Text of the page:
Electronic Voting Machines: All You Need To Know

Dear Aspirants,


As you must be aware, Electronic Voting Machines have been in the news recently, due to the recent elections in the states of Uttar Pradesh, Uttarakhand, Manipur, Goa and Punjab. This means, there’s a high chance you will get a question related to EVMs in your UPSC CSE Exams.

Therefore, we are providing you a brief about Electronic Voting Machines, in the following article:


What are Electronic Voting Machines?

Electronic Voting Machines are used to enable people to vote electronically. It is also used to aid casting and counting of votes.


When were EVMs introduced?

EVMs were manufactured during 1989-90 by two public-sector undertaking; Bharat Electronics Ltd (Bangalore) and Electronics Corporation of India Ltd (Hyderabad) and were devised by the Election Commission of India. However, they were first used in the General Elections in November of 1990, in 16 Assembly Constituencies in the States of MP, Rajasthan and NCT of Delhi.


How do EVMs work?

EVM’s are powered by a 6-Volt Alkaline Battery. It consists of two units namely, the Control Unit and the Balloting Unit.

These two components are joined by a 5-meter cable. The Balloting Unit is the component on which the voters press the button and cast their vote. (This is placed inside the voting chamber). The Control Unit is the component supervised by the Presiding Officer or Polling Officer at the Poll booth. The Officer presses the ballot button which enables the voter to cast his vote.

Once the voter casts his vote, the machine automatically locks itself and disables the voter from casting another vote, thus ensuring the principle of “One man, one vote”.


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Can EVMs be accessed in areas where there is no electricity?

Absolutely. As mentioned earlier, EVMs run on a 6-Volt Alkaline Battery, enabling EVMs to be used throughout the country without interruptions.


How many votes can be recorded in total?

EVMs can record maximum of 3840 votes.


What’s the maximum number of candidates an EVM can cater to?

Each Balloting unit has a provision for 16 candidates. If the number of candidates exceed 16, a second balloting unit is linked parallel to the first one. The maximum number of candidates an EVM can cater to is 64 (That is 4 Balloting units).

If there are constituencies with more than 64 contesting candidates, they must adopt the conventional voting method wiz, ballot box and ballot paper.


  • Saves a great deal of paper
  • Saves the cost involved in printing, transporting, storing and distributing the ballot papers.
  • The counting of votes is much quicker in electronic voting (2-3 hours), compared to counting of votes in conventional voting (30-40 hours).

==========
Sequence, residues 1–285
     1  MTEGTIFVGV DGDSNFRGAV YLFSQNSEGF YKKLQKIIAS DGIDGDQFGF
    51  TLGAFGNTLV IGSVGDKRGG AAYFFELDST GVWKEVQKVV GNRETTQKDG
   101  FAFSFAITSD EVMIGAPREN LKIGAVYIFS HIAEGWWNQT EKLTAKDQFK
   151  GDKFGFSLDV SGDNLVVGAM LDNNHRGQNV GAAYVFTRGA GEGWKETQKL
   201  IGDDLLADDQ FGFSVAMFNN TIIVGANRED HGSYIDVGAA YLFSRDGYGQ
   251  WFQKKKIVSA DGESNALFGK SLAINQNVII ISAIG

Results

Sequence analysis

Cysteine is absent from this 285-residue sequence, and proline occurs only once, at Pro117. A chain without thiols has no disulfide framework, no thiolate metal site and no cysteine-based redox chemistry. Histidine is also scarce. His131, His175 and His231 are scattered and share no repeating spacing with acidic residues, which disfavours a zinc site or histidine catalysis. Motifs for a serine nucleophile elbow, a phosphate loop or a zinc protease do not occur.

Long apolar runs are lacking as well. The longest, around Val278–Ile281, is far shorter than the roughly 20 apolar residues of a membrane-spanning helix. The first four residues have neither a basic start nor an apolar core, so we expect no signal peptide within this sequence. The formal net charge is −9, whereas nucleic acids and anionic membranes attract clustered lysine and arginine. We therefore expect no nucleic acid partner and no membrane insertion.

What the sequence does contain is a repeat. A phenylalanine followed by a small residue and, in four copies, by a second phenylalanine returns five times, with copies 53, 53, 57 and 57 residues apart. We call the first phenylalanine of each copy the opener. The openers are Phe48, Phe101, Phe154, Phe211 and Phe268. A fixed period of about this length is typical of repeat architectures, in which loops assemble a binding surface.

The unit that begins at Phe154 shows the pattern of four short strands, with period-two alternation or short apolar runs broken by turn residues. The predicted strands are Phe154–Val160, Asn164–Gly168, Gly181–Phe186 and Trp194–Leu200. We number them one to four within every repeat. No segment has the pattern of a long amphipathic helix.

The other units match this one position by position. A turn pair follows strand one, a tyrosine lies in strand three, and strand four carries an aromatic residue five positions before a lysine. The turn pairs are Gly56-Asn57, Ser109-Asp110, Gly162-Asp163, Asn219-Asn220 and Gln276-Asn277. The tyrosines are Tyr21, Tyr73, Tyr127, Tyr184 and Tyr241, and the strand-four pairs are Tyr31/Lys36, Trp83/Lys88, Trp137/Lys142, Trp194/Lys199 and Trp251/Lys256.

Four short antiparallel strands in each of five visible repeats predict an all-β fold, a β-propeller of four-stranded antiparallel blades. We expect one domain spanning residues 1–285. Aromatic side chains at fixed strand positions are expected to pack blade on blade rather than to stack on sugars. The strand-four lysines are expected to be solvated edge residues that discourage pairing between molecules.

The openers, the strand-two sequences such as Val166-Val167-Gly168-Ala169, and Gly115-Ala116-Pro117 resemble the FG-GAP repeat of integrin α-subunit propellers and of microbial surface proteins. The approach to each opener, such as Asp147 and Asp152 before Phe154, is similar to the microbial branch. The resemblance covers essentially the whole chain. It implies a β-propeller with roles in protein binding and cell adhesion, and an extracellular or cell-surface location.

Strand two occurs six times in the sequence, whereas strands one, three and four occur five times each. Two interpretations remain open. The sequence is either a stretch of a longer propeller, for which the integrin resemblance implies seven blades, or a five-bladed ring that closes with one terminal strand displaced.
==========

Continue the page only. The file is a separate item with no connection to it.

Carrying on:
• No bogus voting. No voter can vote twice. And no invalid votes.
  • EVMs do not require electricity to function.
  • EVMs have a very long shelf life (approx. 15 years)
  • EVMs are very easy to install and use.
  • It is next to impossible to hack or tamper with EVMs.
  • Can be used for simultaneous elections for Parliament and State Legislative Assembly.


  • It’s hard to tamper with EVMs but not impossible.
  • Software malfunction leading to inaccurate results.
  • Security problems
  • Vulnerability to hacking
  • No means for voters to verify their votes
  • The time gap between the voting and the counting of votes is a risk to possible tampering, as the ballots are physically stored after votes


Impact on Electoral Processes

India’s is the largest democracy in the world and has hundreds of millions of voters. Electoral frauds (multiple-voting, vote buying) have been the biggest challenge for the Election Commission of India. Among these, ‘booth-capturing’ (goons supporting a political party raiding polling stations and stuffing ballot boxes with votes) is the biggest.

Though the Election Commission of India, over the years, has taken measures to curb these malpractices, the traditional voting system still posed security problems.

However, with the introduction of Electronic Voting Machines (EVMs) in the 90s, booth-capturing was curbed. EVMs can register only 5 votes per minute, and booth-capturing would require more time than that. EVMs also made sure that the whole electoral process and results are fair, by improving efficiency of tallying the results thereby avoiding human errors, reducing manipulation or rigging and abuse of power in poll booths.

The introduction of EVMs also, successfully reduced the time and cost involved in the conduct of elections.


We hope the above information broadly helps you understand EVMs and their working.

Stay tuned for more.



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